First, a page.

Southern India Chamber of Commerce and Industry
R. Ganapathi, President, SICCI (Southern India Chamber of Commerce and Industry) stated that the interim budget presented is transformational and growth oriented. Southern India Chamber of Commerce and Industry welcomes the announcement of 2% interest subvention on loan of one crore for GST registered MSME, units. Another welcome measure is the introduction of the pension scheme for the unorganised sector. The budget has also outlined ten most important directions including ease of living, digital India, pollution, rural industrialisation, clean rivers, healthy India and Team India with a vision ‘Minimum Government Maximum Governance.’ SICCI is confident that the announcement and the vision will trigger the economic growth.
Hemant Kanoria, Chairman and Managing Director,
Srei Infrastructure Finance Limited
While laying out a grand Vision 2030 for building a modern, empowered and self-sufficient India and highlighting the government’s achievements during the last five years, stand-in Finance Minister Piyush Goyal has done a commendable job in presenting an Interim Budget which will bring a smile to the agricultural sector, the unorganised sector and the middle class. Apart from increased outlays for building rural roads and rural housing, this budget sets out a roadmap for bolstering the rural infrastructure that will encourage entrepreneurship in areas of allied activities like animal husbandry and fisheries, activities which have been entitled to interest subvention of 2-5%. In addition, the structured income support programme conceptualised in the form of Pradhan Mantri Kisaan Samman Nidhi aimed at farmers owning up to two hectares of land will benefit 12 crore farmer families. Farmers have also been provided relief in terms of interest subvention for loans in case of crop failures due to natural calamities.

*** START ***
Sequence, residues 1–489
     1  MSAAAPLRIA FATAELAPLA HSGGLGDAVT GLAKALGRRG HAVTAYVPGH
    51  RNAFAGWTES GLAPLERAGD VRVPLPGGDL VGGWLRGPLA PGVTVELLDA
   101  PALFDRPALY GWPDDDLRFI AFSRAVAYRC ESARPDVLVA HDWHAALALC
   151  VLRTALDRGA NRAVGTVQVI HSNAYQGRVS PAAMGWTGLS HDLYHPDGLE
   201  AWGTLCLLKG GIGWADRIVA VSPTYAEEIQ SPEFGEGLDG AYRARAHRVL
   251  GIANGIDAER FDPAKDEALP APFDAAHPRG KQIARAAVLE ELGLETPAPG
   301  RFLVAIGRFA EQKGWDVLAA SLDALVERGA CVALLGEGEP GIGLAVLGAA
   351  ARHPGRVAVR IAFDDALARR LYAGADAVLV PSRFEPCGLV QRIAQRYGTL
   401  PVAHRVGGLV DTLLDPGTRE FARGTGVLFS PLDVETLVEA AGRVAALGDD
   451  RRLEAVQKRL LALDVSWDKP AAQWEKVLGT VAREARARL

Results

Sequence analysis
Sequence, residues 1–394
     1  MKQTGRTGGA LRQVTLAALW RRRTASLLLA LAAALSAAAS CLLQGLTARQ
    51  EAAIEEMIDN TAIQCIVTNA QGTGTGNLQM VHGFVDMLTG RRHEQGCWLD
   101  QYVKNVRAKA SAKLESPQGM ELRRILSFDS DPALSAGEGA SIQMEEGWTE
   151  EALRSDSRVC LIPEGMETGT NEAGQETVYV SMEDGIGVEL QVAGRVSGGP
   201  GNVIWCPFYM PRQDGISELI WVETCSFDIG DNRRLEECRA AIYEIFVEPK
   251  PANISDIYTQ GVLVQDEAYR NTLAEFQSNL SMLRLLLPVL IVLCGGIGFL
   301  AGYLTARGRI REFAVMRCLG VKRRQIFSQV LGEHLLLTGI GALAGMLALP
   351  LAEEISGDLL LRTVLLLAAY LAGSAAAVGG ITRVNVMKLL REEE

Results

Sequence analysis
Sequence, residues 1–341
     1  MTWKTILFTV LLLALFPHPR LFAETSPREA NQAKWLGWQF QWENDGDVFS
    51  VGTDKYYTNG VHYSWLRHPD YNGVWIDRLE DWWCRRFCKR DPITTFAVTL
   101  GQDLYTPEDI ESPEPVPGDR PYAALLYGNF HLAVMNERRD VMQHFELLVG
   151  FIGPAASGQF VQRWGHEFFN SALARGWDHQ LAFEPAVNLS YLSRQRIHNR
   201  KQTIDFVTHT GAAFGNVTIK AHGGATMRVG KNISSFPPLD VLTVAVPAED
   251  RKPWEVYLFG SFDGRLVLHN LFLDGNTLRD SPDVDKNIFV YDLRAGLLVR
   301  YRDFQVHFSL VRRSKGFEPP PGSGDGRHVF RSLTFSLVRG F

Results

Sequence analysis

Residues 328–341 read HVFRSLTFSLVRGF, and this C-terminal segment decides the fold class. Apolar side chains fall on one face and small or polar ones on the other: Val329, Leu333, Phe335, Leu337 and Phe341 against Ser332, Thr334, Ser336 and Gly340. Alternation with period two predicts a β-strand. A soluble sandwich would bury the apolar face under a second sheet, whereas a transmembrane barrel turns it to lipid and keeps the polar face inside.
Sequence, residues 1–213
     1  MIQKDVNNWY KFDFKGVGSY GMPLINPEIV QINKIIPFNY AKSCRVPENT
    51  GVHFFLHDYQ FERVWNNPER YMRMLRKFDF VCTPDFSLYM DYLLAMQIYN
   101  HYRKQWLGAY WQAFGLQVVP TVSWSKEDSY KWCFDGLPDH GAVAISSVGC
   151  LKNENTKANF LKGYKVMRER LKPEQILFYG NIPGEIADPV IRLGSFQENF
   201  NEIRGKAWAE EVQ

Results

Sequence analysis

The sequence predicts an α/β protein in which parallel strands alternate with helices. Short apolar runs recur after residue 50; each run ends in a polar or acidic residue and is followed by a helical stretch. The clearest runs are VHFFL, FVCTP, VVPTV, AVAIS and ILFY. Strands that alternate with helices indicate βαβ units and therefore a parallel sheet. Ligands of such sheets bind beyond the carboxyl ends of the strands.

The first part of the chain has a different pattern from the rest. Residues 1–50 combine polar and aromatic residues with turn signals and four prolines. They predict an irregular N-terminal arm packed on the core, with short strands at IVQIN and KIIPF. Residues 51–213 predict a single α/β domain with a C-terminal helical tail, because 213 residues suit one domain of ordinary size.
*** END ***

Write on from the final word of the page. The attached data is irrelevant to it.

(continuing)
The vision of creating one lakh digital villages over the next five years is something that I found really interesting. This idea of bridging the rural-urban digital divide is something that resonates well with our very own Sahaj initiative which has created some 75,000 digitally-empowered rural entrepreneurs in the remotest villages of some 23 states in India. So, I look forward to the details of this Digital Village initiative. The extension of the National Pension Scheme to the unorganised sector is a big step forward and will address the needs of some 42 crore workers after their retirement. Most noteworthy is the exemption of income tax on annual income of up to Rs. 5 lakh. This, coupled with the increase of standard deduction from Rs. 40,000 to Rs. 50,000 per annum, the increase in exemption limit on house rent for TDS calculation and increased exemption on interest earnings will provide some relief to the salaried class which is welcomed.